Published August 18, 2021
I recently spoke with 12 young professional families about guardian selection. It was unanimous among the families that wills and guardianship were important family decisions. Despite that, most families had not drafted a will, created a family trust, or named legal guardians.
8 of the 12 families had selected a guardian, but only 4 of those 8 had formalized their decision in a last will and testament, or trust. Creating one fixed choice for guardian, a surrogate parent, is a complex decision to say the least. For many of the families I interviewed, the emotional component of the guardian decision was the reason for their indecision and delay. Guilt, fear, and the unknown had paralyzed their selection process.
Some families had too many choices, and others had too few. As a few of the parents looked around each side of their families, there was a noticeable lack of possible candidates.
One parent commented, “Siblings seem like the probable choice from an age perspective but may prioritize a natural loyalty to their own kids. Family doesn’t always share the same outlook on life or parenting styles.” Another family concluded, “Friends are the family we choose.”
One young family struggled selecting a guardian because neither parent had a sibling qualified for the responsibility of raising their children: one with serious medical struggles, and another with Autism Spectrum Disorder. This family chose the maternal grandmother due to her familiarity with and love for the children.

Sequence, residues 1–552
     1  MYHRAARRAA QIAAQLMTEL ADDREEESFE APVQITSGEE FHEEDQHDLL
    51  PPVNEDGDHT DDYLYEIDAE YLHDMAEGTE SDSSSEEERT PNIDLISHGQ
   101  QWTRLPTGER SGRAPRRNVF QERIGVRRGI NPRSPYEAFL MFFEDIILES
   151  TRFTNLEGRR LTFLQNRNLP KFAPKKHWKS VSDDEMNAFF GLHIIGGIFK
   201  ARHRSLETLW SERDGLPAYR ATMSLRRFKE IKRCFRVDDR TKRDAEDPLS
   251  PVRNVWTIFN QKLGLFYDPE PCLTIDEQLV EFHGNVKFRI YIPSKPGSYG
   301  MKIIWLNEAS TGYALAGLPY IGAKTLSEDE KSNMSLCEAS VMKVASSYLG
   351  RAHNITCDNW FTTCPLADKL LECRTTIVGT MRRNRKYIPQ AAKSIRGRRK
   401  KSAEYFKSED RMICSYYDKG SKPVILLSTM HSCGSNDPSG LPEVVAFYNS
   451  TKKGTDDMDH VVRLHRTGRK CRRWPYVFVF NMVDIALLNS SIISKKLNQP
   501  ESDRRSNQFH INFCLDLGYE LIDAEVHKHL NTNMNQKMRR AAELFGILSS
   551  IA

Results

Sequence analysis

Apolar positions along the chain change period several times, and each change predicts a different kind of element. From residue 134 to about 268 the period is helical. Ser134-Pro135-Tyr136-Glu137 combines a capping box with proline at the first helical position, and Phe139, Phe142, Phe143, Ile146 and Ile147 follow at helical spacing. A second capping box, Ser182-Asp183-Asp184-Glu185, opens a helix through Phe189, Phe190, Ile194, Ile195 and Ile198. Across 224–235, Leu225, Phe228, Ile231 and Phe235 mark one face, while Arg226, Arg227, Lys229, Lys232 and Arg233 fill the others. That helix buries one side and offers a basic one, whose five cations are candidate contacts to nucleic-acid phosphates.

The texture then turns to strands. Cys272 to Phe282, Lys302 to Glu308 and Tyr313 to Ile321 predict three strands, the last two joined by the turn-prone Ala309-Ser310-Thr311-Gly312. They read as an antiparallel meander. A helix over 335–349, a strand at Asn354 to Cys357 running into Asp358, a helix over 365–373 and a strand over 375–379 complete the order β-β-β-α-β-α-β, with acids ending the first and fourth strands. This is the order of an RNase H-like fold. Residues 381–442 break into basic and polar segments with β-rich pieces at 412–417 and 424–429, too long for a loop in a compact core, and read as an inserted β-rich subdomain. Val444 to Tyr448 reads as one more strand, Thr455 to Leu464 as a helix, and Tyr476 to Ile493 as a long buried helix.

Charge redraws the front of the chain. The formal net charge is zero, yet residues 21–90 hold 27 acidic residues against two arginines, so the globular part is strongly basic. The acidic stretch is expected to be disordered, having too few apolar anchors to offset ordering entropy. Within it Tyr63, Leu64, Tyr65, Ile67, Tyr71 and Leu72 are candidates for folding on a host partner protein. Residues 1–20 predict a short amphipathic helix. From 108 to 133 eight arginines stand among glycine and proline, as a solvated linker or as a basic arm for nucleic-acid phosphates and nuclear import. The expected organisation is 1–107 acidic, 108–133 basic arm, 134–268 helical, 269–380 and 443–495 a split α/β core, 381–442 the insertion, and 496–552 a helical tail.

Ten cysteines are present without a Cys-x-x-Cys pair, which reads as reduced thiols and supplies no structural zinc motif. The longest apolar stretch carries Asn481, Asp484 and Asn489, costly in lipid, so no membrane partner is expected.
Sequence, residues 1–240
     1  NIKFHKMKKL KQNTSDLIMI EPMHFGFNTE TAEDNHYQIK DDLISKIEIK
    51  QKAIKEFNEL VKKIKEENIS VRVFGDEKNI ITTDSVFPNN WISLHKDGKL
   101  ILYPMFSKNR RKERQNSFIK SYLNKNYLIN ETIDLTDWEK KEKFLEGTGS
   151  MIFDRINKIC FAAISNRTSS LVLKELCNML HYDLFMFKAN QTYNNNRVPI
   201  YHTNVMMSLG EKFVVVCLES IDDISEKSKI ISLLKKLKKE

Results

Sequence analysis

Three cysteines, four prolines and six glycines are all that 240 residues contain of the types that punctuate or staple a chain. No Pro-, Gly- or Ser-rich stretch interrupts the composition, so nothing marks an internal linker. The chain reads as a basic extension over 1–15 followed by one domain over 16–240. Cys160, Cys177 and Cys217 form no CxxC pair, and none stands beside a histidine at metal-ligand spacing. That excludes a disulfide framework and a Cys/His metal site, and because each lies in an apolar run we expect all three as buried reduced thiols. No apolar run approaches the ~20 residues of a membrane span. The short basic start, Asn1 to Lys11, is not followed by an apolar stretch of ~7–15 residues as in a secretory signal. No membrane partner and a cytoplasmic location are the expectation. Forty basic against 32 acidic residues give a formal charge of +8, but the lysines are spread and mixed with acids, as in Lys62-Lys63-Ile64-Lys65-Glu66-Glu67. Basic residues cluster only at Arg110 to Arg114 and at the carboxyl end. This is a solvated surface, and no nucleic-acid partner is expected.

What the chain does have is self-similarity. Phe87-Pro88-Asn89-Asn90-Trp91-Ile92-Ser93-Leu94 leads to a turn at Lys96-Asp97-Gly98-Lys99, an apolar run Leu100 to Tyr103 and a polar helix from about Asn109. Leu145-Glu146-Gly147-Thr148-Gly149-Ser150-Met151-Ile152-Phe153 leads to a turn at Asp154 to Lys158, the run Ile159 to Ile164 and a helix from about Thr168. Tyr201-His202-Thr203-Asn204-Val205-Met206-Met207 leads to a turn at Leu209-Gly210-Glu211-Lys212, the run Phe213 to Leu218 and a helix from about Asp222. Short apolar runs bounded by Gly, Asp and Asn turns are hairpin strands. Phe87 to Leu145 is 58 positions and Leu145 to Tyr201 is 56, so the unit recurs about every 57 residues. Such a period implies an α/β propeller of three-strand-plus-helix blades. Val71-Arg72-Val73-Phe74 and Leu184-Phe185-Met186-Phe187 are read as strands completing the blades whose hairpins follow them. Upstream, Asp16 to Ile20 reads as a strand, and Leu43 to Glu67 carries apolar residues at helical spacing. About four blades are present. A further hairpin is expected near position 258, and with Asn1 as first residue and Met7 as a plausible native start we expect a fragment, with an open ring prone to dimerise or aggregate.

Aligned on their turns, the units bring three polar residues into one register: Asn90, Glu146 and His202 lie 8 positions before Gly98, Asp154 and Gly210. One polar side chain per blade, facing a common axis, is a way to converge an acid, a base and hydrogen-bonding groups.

I often envy those with deep pools of potential candidates. But even if your options are slim, you need to decide who will take care of children according to your wishes, and then formalize that decision in a will or family trust.
After discussing guardianship with many families, I found that this decision process needs to be proactive. Write it down. Map it out. Be systematic. Discuss and decide.
For me and my family the process looked like this:
Let’s be real. Regardless of what is written down or how a spreadsheet outlines selection criteria, it’s still a complicated decision. Excel can’t calculate emotions. Columns and cells don’t factor in the unknown. It’s a personal decision, and each family’s process will differ. Here are a few ideas that have helped other families:
I like written lists, and my husband likes Excel. He took my lists and created columns and cells. However you go about it, the important thing is to find a process that works for you. And here’s how to ask someone to be the guardian of your kids.
We each come from different backgrounds, and hold different values, but there is one thing we all share: we love our kids and want what is best for them. Although there may not be a perfect choice, there can be a best choice for now. It’s also a choice that can be changed, if better options arise down the road.
The difficulty of this decision is real, and thankfully the likelihood of it being necessary is slim. Nonetheless, parents across all my interviews believed it was important. I believe it’s important.
I believe that choosing a guardian and creating a will and trust to ensure your wishes are followed is important, because one of our primary roles as parents is to love and protect our kids no matter what. As parents we are called to teach and guide them in the face of adversity and challenge. Choosing a guardian falls right in the middle of this parental call and obligation, to love and protect.
At Tomorrow our greatest desire is to help families. Because we have families ourselves, we know what it’s like to juggle schedules and make important decisions amid chaos. We’re building an app that lets you handle normally complex legal and financial issues right on your phone, quickly and simply.
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